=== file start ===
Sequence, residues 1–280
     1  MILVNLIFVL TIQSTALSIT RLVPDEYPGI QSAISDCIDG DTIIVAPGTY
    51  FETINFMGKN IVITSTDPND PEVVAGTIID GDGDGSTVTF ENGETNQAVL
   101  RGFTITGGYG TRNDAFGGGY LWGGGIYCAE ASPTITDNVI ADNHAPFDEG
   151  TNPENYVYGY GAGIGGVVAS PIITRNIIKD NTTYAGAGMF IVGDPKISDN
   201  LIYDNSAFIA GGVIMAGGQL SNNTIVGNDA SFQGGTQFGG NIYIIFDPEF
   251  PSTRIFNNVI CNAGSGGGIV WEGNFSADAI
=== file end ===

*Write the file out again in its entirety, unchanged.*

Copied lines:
Sequence, residues 1–280
     1  MILVNLIFVL TIQSTALSIT RLVPDEYPGI QSAISDCIDG DTIIVAPGTY
    51  FETINFMGKN IVITSTDPND PEVVAGTIID GDGDGSTVTF ENGETNQAVL
   101  RGFTITGGYG TRNDAFGGGY LWGGGIYCAE ASPTITDNVI ADNHAPFDEG
   151  TNPENYVYGY GAGIGGVVAS PIITRNIIKD NTTYAGAGMF IVGDPKISDN
   201  LIYDNSAFIA GGVIMAGGQL SNNTIVGNDA SFQGGTQFGG NIYIIFDPEF
   251  PSTRIFNNVI CNAGSGGGIV WEGNFSADAI